Brattleboro Walk-In Clinic will reopen Nov. 9

Purchase of Clark Avenue building ensures a permanent home

BRATTLEBORO — After being closed for 18 months due to the COVID-19 pandemic, the Brattleboro Walk-In Clinic will reopen Tuesday, Nov. 9.

“We're really excited about it,” said clinic Vice President Adrian Segar.

In 2020, “we had to close,” he said. “We just felt that particularly with volunteer providers it wasn't safe to open the clinic at that time.”

“We're not a hospital building and don't have the resources to do the kind of safety checks and so on that hospitals did in the thick of the pandemic,” Segar explained.

Now, he said, the clinic feels it can reopen safely.

“Our medical providers made that decision, and we're going to see how it goes,” Segar said. “It's something that really fills a gap in the medical needs of the community, differently than before the Affordable Care Act, but even then, there are people who don't have health care.”

In addition, the clinic, at 191 Clark Ave., has purchased the building, which it has been renting for a couple of years.

The building's owner, Dr. John Daly, who had a practice there, accepted the clinic's offer of $400,000, and the deal closed Oct. 1.

How did the clinic raise such a sum?

“We've been around a long time, and we've been fundraising every year for years and building an endowment,” said Segar. “We only spent the income from the endowment, so we were able to pay outright and still have some endowment left.”

The clinic has been able to pay about $30,000 in annual operating expenses with donations from individuals and private, community, and religious organizations.

In addition, while the clinic's policy is not to charge patients for care, those receiving it are asked to donate whatever they are able at the time of service. Each visit costs the clinic approximately $140.

Donations can be placed in the box provided by the receptionist. Those unable to make any donation still receive the same care.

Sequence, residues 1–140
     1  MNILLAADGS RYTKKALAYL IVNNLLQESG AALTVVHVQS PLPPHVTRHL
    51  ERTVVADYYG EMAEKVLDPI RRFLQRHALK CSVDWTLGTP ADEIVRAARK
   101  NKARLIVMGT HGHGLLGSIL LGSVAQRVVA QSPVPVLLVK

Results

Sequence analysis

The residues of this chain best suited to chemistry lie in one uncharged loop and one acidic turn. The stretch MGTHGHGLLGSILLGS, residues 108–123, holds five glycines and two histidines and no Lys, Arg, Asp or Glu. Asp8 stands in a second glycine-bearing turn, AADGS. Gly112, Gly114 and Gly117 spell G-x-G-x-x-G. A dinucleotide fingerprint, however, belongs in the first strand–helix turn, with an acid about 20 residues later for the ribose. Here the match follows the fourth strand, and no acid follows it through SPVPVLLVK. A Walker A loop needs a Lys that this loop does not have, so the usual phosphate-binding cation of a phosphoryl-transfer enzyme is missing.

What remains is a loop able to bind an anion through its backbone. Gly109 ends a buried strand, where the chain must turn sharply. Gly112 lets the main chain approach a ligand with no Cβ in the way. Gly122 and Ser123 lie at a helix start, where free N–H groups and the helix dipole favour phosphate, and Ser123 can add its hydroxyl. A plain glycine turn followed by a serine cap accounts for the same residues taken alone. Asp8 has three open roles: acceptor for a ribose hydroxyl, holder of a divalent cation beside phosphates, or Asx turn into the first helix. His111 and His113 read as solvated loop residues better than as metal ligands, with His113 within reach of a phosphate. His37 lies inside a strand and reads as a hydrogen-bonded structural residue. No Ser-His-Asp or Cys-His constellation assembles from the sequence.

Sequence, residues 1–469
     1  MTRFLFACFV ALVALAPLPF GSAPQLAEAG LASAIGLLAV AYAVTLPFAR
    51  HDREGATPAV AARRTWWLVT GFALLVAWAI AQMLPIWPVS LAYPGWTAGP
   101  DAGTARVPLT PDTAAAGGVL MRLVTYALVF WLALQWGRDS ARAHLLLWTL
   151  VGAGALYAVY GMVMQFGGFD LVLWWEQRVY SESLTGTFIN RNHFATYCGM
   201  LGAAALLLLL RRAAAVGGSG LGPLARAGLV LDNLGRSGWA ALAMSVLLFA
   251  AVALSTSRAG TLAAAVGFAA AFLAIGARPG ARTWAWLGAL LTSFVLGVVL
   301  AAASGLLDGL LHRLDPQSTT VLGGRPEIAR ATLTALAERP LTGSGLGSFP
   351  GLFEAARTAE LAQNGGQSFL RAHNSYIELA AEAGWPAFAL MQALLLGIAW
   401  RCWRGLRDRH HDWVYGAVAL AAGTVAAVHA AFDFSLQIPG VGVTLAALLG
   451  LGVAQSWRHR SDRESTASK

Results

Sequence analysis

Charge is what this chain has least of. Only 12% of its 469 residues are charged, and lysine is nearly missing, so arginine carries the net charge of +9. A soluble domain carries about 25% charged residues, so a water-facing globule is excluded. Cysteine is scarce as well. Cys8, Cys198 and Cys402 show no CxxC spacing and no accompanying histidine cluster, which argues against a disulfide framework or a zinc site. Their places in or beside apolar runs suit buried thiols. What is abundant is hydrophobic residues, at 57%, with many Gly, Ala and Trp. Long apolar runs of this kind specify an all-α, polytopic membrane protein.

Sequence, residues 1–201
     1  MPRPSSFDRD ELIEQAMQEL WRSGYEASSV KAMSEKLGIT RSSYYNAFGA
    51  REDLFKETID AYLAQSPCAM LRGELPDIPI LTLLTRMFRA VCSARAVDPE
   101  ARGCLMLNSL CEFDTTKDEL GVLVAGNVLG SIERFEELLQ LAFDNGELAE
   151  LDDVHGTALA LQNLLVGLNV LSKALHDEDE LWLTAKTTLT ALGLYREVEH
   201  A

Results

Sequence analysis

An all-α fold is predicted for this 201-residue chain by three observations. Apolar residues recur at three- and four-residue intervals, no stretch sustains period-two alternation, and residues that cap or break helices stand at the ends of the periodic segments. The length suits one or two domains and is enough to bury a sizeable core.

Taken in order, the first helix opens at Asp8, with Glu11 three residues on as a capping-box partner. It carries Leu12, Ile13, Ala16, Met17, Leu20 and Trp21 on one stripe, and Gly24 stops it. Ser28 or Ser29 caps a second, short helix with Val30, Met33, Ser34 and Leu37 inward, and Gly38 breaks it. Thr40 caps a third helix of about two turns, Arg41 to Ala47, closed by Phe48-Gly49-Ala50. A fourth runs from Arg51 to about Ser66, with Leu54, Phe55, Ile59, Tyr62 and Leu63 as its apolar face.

Clinicians also note that some folks use the facility not out of financial concern, but for the convenience of evening hours or because they are traveling through town, have just moved to town, or cannot find a doctor. Those clients are asked to make donations to help others who are not financially able to do so.

Started in 1993 by a small group of concerned community members to provide primary medical care, the nonprofit operates with a pool of all-volunteer physicians, nurses, nurse practitioners, and receptionists.

Administrators also hope to add to the three tenants currently in the building by renting the medical suite.

“It's a beautiful medical office, and we're looking for someone to rent it,” said Segar of the three exam rooms, doctor's office, and reception space. “We'd love to talk with medical providers who are interested, subject to our being able to use it.”

The clinic offers primary medical care for patients ages 18 to 64 in the community who do not have health insurance or who cannot afford their high deductibles or co-insurance. It will be open from 5 to 6:30 p.m. on Tuesdays for those who walk in, on a first-come, first-served basis.

In 2018, the clinic served 301 clients. During the closure due to the pandemic, staff members stayed in touch with regular clients by phone and email and made sure that if an issue arose it would be addressed.

For more information, call 802-251-8484 or visit

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